In Which I Take Part In An Interview That Never Happened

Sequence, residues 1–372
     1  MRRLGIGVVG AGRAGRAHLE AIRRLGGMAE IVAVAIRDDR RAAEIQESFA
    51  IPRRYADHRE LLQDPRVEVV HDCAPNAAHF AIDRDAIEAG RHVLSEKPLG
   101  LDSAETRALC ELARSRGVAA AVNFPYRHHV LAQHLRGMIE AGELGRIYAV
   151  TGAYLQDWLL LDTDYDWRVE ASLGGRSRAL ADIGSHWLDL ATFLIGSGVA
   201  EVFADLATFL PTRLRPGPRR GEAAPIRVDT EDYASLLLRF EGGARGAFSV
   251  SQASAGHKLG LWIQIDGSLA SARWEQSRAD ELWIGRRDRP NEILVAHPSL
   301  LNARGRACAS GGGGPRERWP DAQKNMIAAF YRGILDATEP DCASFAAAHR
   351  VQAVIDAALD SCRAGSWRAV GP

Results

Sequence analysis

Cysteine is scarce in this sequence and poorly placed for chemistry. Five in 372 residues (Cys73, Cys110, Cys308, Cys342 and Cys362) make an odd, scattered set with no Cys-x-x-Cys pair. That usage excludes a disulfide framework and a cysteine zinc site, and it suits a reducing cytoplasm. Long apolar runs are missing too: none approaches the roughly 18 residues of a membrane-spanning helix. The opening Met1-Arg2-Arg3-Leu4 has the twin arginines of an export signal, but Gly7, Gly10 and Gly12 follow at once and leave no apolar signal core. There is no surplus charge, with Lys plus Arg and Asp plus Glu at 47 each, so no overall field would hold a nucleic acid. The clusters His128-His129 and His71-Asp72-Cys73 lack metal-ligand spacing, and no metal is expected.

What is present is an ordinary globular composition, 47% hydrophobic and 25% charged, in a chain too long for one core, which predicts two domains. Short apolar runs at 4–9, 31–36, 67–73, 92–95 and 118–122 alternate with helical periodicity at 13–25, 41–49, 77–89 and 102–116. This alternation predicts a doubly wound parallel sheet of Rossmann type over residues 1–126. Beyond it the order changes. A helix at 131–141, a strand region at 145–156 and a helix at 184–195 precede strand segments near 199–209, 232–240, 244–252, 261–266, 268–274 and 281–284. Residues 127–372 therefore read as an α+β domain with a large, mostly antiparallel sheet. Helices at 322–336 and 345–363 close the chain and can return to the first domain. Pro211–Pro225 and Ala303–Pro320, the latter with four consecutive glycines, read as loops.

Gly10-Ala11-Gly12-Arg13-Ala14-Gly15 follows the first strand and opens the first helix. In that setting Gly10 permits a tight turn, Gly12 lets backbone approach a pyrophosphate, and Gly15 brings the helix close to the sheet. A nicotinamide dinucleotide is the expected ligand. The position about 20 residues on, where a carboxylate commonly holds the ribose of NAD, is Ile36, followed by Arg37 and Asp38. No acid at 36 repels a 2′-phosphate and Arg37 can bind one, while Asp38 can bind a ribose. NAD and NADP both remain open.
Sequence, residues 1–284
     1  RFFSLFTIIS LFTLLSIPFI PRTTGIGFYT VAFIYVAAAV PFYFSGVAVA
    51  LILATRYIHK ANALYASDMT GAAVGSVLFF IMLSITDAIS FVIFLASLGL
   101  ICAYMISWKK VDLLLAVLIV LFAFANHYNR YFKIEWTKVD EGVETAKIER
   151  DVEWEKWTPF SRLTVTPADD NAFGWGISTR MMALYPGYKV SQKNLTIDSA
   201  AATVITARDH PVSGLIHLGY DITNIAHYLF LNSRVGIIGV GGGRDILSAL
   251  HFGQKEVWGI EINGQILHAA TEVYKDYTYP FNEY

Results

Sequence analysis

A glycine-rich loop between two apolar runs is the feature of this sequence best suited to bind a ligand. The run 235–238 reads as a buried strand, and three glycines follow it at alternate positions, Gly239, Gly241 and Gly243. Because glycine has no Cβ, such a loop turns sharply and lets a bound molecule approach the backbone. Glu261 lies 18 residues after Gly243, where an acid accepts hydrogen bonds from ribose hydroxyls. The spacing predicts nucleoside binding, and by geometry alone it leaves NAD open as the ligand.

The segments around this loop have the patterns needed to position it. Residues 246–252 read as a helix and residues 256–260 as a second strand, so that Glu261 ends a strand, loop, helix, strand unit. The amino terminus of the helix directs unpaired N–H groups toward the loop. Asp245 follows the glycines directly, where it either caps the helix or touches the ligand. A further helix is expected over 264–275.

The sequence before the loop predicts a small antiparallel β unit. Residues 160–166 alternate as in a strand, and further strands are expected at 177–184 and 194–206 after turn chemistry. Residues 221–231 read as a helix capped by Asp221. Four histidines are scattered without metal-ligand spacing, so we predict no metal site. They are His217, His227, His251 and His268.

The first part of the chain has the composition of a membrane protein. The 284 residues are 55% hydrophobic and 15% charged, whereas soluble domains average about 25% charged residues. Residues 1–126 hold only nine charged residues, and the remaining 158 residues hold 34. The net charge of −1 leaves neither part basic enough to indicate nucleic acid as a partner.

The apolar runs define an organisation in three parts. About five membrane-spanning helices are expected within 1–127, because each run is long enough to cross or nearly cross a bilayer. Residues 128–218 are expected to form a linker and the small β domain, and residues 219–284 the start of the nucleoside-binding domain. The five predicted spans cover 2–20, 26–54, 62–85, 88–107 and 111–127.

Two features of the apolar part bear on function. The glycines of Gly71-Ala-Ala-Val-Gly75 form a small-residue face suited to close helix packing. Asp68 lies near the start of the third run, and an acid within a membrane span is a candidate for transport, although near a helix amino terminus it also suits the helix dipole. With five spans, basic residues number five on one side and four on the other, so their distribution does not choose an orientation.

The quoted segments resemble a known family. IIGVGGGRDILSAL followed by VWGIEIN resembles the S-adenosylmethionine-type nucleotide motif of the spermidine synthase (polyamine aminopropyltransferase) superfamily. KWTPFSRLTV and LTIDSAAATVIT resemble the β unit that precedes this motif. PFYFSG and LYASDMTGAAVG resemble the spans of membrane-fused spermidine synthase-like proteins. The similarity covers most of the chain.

'So, Lez,' Eamonn began, leaning forward on the sofa while I tried to work out his BMI. 'This is the most romantic day of the year, but you claim being single is all fine and dandy. Yet you also claim that you've been seeing a famous rock star for the past few years. Now, could you enlighten our viewers, as I'm sure many will be intrigued as to what the real situation is.' I cocked one of my profoundly deaf ears towards him. 'Ay?' I distinctly heard Ruth give a deep sigh. What's her problem? Eamonn shifted his weight around on the sofa and began again. 'Okay, Lez. Can I ask you about a certain Scottish gentleman you've been dropping clues about in your columns for the longest time? There was a lot of speculation that he and his band asked young American actors in the eighties not to forget about him. Am I on the right lines?' I gave a light, airy laugh. 'I don't know what you're talking about.' I trilled. 'I've never done anything of the sort.' Eamonn cleared his throat. 'We've invited you on today so you could tell us why being a singleton is preferable to being in a . . .' 'How dare you call me a simpleton!' I gasped. 'I didn't come on here to be insulted!' Ruth looked nervously at Eamonn. I should think so too! I made a lot of effort for this show, carefully choosing my Steve McQueen Jacket, Vera Duckworth slacks and Jimmy Tarbuck shoes. I don't know why I even bothered! 'Lez, would it make things easier if I wrote the questions down?' Eamonn asked in desperation. I sneered down at Ruth's cheap black courts before playing my trump card. Sick of this Gestapoesque treatment, I held my palm towards Eamonn to expose the eye I'd drawn on it before the interview started. Well, what's good enough for David Blaine . . .